The decision to be unvaccinated is not just an exercise of personal autonomy or religious beliefs, but one that affects general society by unnecessarily increasing the spread of COVID. We should have vaccine mandates. How, then, should I react when I read something like this, as I did last week? “State Senator Doug Ericksen, a Republican who led efforts to oppose Washington State’s Covid-19 emergency orders and vaccine mandates, has died after his own battle with the illness. He was 52.”
Conservatives point out that Biden’s disapproval numbers are higher than his approval ones. These statistics are cited gleefully with the suggestions that Biden is not truly accepted as president, that he could not be elected again, or that somehow he is not the legitimate president. However, Trump’s approval-disapproval poll numbers were almost always worse than Biden’s are now. And yet the majority of Republicans think that somehow Trump was elected in 2020 and should be elected again.
After watching The Power of the Dog,I have been wondering what friends call Benedict Cumberbatch. Benedict seems mighty formal for pals, but he is British so maybe that is it. Ben seems possible. I don’t want it to be Bennie. That seems too disrespectful. Perhaps BC, but I really hope it is Batch. “How you doin’, Batch?” Nice ring.
“It’s a hard winter, when one wolf eats another.” Old Russian Proverb. Ben Mezrich, Once Upon a Time in Russia: The Rise of the Oligarchs—A True Story of Ambition, Wealth, Betrayal, and Murder.
How are the food serving sizes determined that appear on package labels? The recently purchased, but quickly discarded, snack imported from Korea contains only Korean writing except for the “Nutrition Facts,” where I learned that it contained 1.7 servings. What are you supposed to do with a point seven serving? (The product was quickly discarded because it had a pasted-on label warning me that eating the contents could expose me “to chemicals including Acrylamide, which is are [sic] known to the State of California to cause cancer and birth defects or other reproductive harm.” This, too, mystified me because the ingredients section of the nutrition label said it contained only corn, sugar, and baking soda. But better safe than sorry—and the handful I ate was not very good.)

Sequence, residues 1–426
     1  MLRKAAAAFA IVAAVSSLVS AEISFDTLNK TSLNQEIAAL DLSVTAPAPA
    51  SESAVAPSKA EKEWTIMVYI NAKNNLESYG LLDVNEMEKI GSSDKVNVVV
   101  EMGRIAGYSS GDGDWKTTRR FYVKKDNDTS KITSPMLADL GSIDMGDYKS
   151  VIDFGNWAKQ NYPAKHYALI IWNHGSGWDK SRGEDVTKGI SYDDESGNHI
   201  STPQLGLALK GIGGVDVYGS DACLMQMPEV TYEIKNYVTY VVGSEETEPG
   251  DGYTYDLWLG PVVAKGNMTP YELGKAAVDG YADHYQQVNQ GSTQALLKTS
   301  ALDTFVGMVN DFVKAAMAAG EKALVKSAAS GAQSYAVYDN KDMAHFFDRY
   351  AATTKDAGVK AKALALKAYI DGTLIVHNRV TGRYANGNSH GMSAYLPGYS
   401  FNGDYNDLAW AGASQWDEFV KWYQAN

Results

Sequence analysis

Henry has been coming around to clean up the debris around the front of our urban house for maybe twenty years. He does other odd jobs around the neighborhood and at his church which is nearby. Henry is old now and has difficulty walking, but he stops by every now and again to say hello and maybe to get a little money for old time’s sake. I thought he might be stopping by around Christmastime so I saved for him the Christmas card that we received from the White House. Now. I have no idea why we received a Christmas card from the White House. We gave some money to the Democratic Party, but certainly not enough to warrant a White House missive. Nevertheless, there it was–a beautiful rendering of the White House on the front and signed inside by Joe and Jill with the signatures looking realer than real. Henry showed up the Sunday after Christmas, driven over from his church by one of his friends. I showed him the card, and while I ducked inside to retrieve a few dollars, he looked it over. When I returned to the door, he handed me the card, and I said, No, it was for him to keep. He looked as though I had just handed him a check for a thousand dollars. It was as if I had anointed him with greatness. I said that I didn’t know why we’d gotten the card, we must have received it because we gave some money to the Democratic Party. Henry said solemnly, “And he was grateful for that.” It was clear that the card was worth a great deal more than the money I gave him. After Henry got back into the car, he and the driver sat for maybe five minutes as, I’m sure, Henry showed his friend the touch of wonder that he held in his hands. I wish Joe had sent him a Christmas card. It would have meant the world to him. (Guest snippet from the spouse.)